Alternatively, there are two other ways to calculate your holiday home rebuild cost: hire a surveyor or use a rebuild calculator.
ABI rebuilding cost calculator
If your UK holiday home is of standard construction the Association of British Insurers offers a free (registration required) rebuild cost calculator to help you assess the rebuilding cost of your property. To use the calculator and get an approximate rebuild cost, you’ll need to measure the external floor area for both upstairs and downstairs.
There are a number of restrictions to the calculator. For example, properties with unusual features such as thatched, listed buildings and houses made of non-standard materials.
Therefore, the best way to get an accurate rebuild cost of your holiday home is to ask a chartered surveyor to carry out a rebuild estimate.
Hire a chartered surveyor
For UK homes, the best way to get an accurate rebuild cost is to instruct a RICS qualified chartered surveyor to visit your property and carry out a rebuilding cost survey. You’ll receive a comprehensive Rebuild Cost Assessment (RCA) report guiding you on how much you should insure your buildings for.
Search the RICS web site to find a Chartered Surveyor in your area.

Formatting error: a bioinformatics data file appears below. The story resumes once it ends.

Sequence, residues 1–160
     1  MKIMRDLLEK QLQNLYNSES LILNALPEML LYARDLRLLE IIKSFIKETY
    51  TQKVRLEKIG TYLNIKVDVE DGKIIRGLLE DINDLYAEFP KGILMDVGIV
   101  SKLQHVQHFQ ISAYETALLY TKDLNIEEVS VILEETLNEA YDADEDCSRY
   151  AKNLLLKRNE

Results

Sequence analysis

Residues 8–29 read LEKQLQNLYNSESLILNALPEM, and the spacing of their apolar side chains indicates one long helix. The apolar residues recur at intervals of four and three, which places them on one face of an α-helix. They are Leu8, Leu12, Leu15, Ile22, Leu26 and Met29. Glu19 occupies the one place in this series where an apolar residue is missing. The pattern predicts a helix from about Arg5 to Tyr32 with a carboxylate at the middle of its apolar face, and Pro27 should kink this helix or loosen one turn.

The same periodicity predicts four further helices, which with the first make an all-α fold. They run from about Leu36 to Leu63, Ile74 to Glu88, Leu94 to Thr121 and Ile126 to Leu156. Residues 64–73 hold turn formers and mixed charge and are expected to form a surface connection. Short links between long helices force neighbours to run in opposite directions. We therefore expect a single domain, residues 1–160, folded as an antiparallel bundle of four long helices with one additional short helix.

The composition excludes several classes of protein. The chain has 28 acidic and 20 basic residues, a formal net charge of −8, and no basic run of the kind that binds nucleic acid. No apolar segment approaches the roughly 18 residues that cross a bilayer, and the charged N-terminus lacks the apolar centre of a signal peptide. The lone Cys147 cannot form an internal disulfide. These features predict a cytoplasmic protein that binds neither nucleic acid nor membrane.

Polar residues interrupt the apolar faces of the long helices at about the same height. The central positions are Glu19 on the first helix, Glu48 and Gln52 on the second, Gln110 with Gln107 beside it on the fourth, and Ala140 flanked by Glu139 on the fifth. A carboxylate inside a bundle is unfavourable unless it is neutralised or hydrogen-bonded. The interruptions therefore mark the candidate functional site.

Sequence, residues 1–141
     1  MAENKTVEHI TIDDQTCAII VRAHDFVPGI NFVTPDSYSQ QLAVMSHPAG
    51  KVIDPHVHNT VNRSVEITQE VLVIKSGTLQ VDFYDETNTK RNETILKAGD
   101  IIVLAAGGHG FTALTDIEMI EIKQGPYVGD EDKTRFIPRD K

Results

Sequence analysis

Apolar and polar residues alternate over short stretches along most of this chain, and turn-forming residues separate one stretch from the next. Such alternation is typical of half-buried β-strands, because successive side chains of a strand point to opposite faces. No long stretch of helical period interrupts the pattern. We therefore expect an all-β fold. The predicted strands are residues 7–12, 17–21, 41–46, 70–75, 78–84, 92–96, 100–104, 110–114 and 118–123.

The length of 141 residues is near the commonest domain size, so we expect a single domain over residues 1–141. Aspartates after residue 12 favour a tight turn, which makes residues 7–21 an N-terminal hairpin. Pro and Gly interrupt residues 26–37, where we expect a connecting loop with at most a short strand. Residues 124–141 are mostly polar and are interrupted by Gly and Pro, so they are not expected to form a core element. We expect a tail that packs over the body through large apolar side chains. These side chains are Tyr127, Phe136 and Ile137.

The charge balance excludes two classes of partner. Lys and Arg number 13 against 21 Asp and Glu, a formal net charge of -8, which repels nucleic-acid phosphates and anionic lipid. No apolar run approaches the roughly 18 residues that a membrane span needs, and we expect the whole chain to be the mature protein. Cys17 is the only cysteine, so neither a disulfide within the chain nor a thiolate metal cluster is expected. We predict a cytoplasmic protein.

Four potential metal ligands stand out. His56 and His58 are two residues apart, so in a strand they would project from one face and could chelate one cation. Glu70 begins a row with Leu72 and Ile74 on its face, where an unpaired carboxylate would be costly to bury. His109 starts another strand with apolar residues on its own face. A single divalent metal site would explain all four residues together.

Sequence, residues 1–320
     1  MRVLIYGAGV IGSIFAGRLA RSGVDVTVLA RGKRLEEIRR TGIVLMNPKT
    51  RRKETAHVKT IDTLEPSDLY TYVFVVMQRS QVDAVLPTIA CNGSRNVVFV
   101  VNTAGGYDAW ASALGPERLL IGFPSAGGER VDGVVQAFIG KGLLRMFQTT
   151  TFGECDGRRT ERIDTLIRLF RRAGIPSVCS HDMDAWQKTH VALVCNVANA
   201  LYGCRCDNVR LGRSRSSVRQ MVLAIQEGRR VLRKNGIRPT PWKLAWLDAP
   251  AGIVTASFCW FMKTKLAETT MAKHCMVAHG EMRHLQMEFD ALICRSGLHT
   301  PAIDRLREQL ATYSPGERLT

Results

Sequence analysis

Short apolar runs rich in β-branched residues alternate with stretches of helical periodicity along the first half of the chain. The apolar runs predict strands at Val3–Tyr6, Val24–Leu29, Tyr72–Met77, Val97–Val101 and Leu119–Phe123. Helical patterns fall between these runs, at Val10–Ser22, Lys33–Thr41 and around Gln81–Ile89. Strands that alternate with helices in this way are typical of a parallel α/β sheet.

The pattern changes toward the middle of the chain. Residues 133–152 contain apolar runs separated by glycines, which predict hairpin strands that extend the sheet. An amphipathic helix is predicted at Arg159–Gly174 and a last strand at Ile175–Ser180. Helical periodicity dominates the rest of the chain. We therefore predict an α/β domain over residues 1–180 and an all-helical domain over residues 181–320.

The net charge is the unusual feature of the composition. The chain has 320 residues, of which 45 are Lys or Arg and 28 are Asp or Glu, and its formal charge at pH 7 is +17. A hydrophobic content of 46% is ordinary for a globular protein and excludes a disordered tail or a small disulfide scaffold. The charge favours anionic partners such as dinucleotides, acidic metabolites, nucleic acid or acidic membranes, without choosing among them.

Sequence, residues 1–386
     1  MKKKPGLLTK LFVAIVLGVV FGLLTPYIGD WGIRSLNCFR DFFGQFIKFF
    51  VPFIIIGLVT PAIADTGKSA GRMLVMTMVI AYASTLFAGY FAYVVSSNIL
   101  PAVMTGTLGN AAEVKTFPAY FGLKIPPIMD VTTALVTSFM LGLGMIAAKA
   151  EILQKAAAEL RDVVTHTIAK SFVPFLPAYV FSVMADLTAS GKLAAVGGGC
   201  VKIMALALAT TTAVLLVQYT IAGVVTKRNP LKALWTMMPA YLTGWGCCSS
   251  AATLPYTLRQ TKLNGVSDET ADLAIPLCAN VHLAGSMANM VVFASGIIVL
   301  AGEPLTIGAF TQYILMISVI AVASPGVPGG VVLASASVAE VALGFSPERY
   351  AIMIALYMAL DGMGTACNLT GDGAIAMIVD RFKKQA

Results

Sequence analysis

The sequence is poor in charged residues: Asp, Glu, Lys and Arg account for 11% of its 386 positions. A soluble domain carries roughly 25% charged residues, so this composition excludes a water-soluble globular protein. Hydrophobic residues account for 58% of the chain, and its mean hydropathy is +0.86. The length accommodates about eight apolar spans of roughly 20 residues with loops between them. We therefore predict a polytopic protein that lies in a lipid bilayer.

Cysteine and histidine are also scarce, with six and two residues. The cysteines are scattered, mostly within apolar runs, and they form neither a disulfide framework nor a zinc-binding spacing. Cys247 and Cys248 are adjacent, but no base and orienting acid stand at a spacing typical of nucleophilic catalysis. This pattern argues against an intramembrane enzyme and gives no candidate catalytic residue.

You will have to pay for a survey, but the cost is insignificant compared to the amount you would be out of pocket as a result of being underinsured.
If your holiday home is overseas, your lawyer should be able to advise on where to locate a qualified surveyor.
Keeping your buildings sum insured up to date
Your insurer should ‘index-link’ your policy. This means that your buildings sum insured adjusts according to inflation. This ensures your sum insured is increased in line with any changes in the cost of rebuilding your property. Usually, this is done each year at renewal.
It’s important to note that index linking only works properly if the sum insured was correct at the outset.
If you make any improvements to your holiday home – e.g. an extension, new kitchen or if you add a hot tub, contact your insurer to make sure your sums insured are increased.
The risks of underinsurance
Under-insuring a holiday home, whether deliberately to reduce the premium or unintentionally, has significant consequences. It could mean that your insurer will reduce the claims pay-out by the percentage that your property is underinsured by.
If for example it was discovered that following a claim the accurate rebuild cost is £200,000 but you only insured for £150,000 – you are underinsured by 25%. Therefore, any claim you make could be reduced by 25%.
Likewise, having an accurate sum insured can help prevent you from over-insuring your home and paying higher premiums than necessary.
- It is the property owner who is responsible for making sure that the “rebuild value” is accurate.
- For peace of mind, hire a qualified surveyor to prepare a rebuilding cost assessment for insurance purposes.
- Keep your sum insured up to date if you make alterations to your property.
- Under-insuring a holiday home is likely to mean the insurer will apply average to the claims payout.
If you need any advice on insuring a holiday home please get in touch or get a quote.